Another custom that is unique to Purim involves people stomping their feet with shoes that have Haman's name written on them. It is common for people to dress up in a costume often portraying a king, queen, or even Haman himself. Some congregations have carnivals and hand out candy in an effort to add to the festival atmosphere.
Sometime hilarious skits known as purimshpiel are performed.
Special bakery treats are made, including the famous Purim cookies known as a Hamantaschen. The name means Haman’s pockets, and the triangular cookies are supposed to look like a hat that Haman may have worn. Some refer to these cookies as "Haman's ears" or "Ozna Haman."
Here is a cookie recipe for this popular Purim treat.
The Book of Esther is the only other Book in the Old Testament besides the Book of Ruth with a woman’s name.
God's name is actually never mentioned in the scripture. God's hand or fingerprints however, can be seen everywhere as He sovereignly controls each piece of the story. Since God did not feel it necessary to include His name when the Book was written (all scripture is written by inspiration of the Holy Spirit), then we should not concern ourselves with the fact that it is a book of the Bible but does not contain His name directly.
God's name is mentioned in the Book of Esther when reading from the Septuagint (a Greek copy of the Old Testament). While in most situations the Septuagint is similar to the English versions of the Bible, the Septuagint adds over 100 verses to the canonized version of the Book of Esther.
There are no quotes in the New Testament referring specifically to the Book of Esther.
Queen Esther's Persian name was Esther. Queen Esther's Hebrew name was Hadassah (meaning myrtle). This is the name that the largest Jewish women's organization has chosen in order to honor Queen Esther. To learn more about this organization, visit Hadassah's Web Site.
In Jewish literature, this book is one of five books that make up the five Megilloth. The other four are Song of Solomon, Ruth, Ecclesiastes, and Lamentations.
The 13thday of Adar (the day before Purim) is now a fast day known as the Fast of Esther. It lasts from sunrise to sundown.
Unconfirmed tradition says that Queen Vashti (the queen Esther replaced) was ordered to appear naked before the kings friends and she refused. She lost her position as queen for this and was executed.
In Persian law, once the king issues a decree, there was no way to rescind it. A new decree could be given to offset the old. In Purim, we read the first decree calling for the Jews to be killed and then a new decree issued allowing for the Jews to fight back.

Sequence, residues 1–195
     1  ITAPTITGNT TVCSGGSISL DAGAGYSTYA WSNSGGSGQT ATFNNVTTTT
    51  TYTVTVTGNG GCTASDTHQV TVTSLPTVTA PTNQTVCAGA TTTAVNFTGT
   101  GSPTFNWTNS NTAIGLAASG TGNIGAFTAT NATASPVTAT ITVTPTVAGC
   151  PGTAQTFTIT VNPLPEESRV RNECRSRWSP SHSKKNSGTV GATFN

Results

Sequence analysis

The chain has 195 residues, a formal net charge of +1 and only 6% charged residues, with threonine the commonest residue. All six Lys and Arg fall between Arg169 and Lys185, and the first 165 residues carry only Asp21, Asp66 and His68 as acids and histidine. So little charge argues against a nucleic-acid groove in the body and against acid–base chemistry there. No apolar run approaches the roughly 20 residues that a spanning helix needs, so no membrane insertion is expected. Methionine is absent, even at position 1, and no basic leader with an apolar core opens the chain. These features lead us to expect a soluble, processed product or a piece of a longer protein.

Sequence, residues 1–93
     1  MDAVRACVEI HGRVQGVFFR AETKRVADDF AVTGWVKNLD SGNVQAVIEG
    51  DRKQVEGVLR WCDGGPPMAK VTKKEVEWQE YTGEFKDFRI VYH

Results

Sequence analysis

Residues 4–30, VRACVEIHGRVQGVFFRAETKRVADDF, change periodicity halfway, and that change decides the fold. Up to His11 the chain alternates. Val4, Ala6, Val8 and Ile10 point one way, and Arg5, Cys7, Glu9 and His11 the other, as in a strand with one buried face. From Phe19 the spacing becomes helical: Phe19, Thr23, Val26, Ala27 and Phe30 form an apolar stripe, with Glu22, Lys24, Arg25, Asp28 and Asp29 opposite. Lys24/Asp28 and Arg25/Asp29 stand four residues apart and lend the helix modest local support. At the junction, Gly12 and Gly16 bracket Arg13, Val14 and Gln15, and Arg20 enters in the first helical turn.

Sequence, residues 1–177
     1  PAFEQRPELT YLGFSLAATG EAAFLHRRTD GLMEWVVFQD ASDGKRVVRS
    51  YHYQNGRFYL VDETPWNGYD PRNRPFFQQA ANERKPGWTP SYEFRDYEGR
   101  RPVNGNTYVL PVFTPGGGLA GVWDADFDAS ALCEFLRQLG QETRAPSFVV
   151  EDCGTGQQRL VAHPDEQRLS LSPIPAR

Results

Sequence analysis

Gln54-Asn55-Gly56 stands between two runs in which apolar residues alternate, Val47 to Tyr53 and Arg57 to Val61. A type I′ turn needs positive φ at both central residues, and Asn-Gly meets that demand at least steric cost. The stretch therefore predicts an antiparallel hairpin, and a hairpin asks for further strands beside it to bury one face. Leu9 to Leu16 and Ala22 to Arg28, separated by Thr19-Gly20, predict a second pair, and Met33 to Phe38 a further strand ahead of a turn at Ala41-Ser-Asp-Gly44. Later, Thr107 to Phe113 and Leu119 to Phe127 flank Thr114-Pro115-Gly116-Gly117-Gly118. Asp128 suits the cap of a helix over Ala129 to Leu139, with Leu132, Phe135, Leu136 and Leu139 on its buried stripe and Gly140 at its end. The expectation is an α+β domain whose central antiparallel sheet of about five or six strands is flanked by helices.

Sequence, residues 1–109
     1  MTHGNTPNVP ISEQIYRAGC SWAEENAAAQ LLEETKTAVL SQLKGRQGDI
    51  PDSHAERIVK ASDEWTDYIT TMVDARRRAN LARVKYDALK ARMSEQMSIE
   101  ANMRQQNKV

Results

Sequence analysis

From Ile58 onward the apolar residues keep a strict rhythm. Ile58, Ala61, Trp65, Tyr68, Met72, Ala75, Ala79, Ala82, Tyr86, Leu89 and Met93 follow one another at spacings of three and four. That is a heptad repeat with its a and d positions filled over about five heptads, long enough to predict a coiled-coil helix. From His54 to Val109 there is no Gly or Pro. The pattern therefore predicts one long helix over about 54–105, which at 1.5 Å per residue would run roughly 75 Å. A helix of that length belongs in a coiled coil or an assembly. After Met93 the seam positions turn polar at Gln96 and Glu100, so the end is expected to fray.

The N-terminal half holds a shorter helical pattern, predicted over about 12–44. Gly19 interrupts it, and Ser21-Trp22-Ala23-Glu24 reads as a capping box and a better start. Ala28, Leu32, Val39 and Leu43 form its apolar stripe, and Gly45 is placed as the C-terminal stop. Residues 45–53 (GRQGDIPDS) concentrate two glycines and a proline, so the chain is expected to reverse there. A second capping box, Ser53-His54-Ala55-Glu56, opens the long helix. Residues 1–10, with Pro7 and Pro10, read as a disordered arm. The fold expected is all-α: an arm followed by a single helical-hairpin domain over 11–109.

Another area of Persian law declared a person could not come into the king's presence without being summoned. If they did, it was possible to be put to death as a punishment. Esther fasted for three days to prepare herself, and then went to the king. He welcomed her and the Lord provided.
When the Jewish calendar has a leap year, a second month of Adar is added, and the observance of Purim is postponed until the second date. Some do celebrate two Purims. If this happens, they are referred to as Purim Katan (small) and Purim Gadol (big).
It is possible that Mordecai and Esther were named after Mesopotamian deities Ishtar and Morduk.(3)
Out of all the holidays in Judaism, Purim stands alone in several ways. In many congregations, it is customary to have a drink of alcohol. Several people who welcome the Sabbath every Friday night have a drink of wine while they say the blessing. Wine can often be found at the Passover Seder table and on a few other occasions. On Purim, the drinking is for a different reason.
When celebrating Purim, many Rabbis encourage their congregations to live it up. The celebrator can (and some believe should) celebrate so much that they can no longer recognize the difference between the words Haman and Mordechai. This is the one holiday where it is permitted if not expected to get drunk. (Megillah 7b)
One reason for this may be related to the Hebrew act of Gematria. The two phrases "cursed be Haman" and "blessed be Mordecai" are said to have the same numerical value of 502.
Tradition does not necessarily say who wrote the Book of Esther although many comments concerning the holiday can be found in the Talmud. The Talmud states that the men of the Great Synagogue wrote the Book of Esther (Baba Batra 15a). Others believe it may have been Mordechai, Ezra or Nehemiah.
In this story we can see God's certain purpose to preserve the Jewish race necessary for the Messiah to be born. We see God's timing being perfect.
We can also see that while the king did order the death of the Jews, he provided a way that the Jews could be saved. In Chapter 8 verse 17, we see the true end result of God's work. Many people decided to leave their Pagan beliefs behind and embrace the God of Israel.>